“I want a closer relationship with the CWLEP, WCC and the WMCA and more working together within the council, more freedom to discuss things. One of my favourite phrases is ‘take the brakes off’.”

The leader also gave his views on two huge issues currently affecting Stratford — the proposed construction of the South Western Relief Road (SWRR) and the problems affecting the high street.

“The SWRR is integral to delivering the housing at Long Marston Airfield, it’s integral to the Core Strategy. If Long Marston Airfield does not go ahead then we don’t have a five-year land supply, which would give free reign to developers. The exact route the SWRR takes, I don’t know, but it is going to be a difficult balance.

“There are changes occurring on the high street which go well beyond the district council, they are national trends. Online shopping, rents and business rates have all combined to create a bit of a perfect storm for high street retailers.

"I have to be realistic and say what this council can do to help is limited, and short-term, national trends have much more of an impact. However, we will be undertaking a review of our economic development strategy and we hope to encourage more entrepreneurialism.

“It’s an enormous privilege to be elected leader of Stratford District Council. I am particularly passionate about the future of our district, focusing on delivering better services and value for money for everyone who lives, works and visits the district.

“I am looking forward to working together with our new cabinet, building on the council’s previous successes. Every member of the team brings wide ranging expertise and enthusiasm to their roles, and I am looking forward to working hard to improve the services accessed by our residents, and to making a difference where it really matters.”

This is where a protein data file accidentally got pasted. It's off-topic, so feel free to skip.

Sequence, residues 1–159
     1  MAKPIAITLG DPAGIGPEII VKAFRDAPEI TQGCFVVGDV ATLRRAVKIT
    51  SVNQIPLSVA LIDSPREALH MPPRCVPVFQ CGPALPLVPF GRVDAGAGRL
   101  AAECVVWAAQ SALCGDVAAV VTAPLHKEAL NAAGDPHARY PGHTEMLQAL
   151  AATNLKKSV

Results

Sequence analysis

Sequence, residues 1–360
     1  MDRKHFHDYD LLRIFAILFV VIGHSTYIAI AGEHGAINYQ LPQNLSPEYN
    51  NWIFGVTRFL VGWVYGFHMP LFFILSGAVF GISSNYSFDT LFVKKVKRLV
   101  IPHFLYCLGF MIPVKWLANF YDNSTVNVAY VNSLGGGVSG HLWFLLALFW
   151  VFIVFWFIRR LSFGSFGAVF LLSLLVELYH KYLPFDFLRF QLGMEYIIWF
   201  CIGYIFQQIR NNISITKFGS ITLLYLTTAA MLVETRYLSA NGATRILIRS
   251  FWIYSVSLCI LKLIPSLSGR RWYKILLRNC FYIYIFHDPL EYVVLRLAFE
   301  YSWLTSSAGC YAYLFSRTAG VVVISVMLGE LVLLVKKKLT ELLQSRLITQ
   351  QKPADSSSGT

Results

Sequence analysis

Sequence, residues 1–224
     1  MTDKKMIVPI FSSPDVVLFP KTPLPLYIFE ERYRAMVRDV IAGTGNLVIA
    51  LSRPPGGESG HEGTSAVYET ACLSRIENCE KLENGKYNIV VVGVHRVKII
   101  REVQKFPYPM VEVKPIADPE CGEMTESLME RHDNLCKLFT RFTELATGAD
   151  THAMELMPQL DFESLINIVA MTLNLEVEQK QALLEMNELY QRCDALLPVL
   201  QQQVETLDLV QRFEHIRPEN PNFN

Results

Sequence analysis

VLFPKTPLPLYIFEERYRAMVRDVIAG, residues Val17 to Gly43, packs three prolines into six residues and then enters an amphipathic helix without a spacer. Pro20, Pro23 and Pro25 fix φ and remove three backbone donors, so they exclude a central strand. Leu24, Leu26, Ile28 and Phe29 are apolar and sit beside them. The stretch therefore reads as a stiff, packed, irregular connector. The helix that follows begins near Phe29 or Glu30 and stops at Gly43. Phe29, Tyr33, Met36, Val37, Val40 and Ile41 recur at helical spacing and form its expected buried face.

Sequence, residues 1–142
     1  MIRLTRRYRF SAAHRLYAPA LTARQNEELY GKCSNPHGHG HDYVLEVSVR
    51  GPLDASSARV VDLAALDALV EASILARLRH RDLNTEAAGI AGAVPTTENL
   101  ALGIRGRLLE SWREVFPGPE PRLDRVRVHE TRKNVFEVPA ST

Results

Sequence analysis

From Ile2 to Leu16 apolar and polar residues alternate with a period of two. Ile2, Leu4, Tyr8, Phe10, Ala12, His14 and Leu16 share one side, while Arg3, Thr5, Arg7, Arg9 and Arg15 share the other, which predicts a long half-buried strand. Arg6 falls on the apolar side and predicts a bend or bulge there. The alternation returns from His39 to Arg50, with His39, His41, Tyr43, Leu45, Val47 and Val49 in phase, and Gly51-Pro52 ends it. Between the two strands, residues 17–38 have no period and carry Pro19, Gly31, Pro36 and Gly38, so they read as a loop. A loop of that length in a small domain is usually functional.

During the annual meeting, Cllr Chris Kettle was appointed as the council’s new chairman, and urged members to get behind the new leader.

Cllr Kettle said: “With Chris’s resignation the council has lost a leader that has contributed a huge amount to this district, he is synonymous with Stratford district. I would like to pass on our best wishes and wish him a speedy recovery. Change is not comfortable, but it is inevitable and I think it is important that all councillors give their support to the new leader and his team.”

Cllr Kettle revealed that his chosen charities as chairman would be Young Minds and the Brain Tumour Trust. Previous chirman, Cllr George Atkinson raised £3,500 for the NSPCC, Tanworth-in-Arden St Mary Magdalene Malawi Linked Parish Scheme, Stratford Girls’ Football Club and the Junior Boxing Academy.

Cllr Mark Cargill is the new deputy leader, with a largely unchanged cabinet of Mike Brain, Maurice Howse, Lynda Organ, Peter Richards, Stephen Thirlwell, and Daren Pemberton, who was sacked only a few weeks ago by Cllr Saint. Cllr Saint had two spells as council leader since first being elected in 1998. He said last week that he intends to remain as a councillor and seek re-election next May.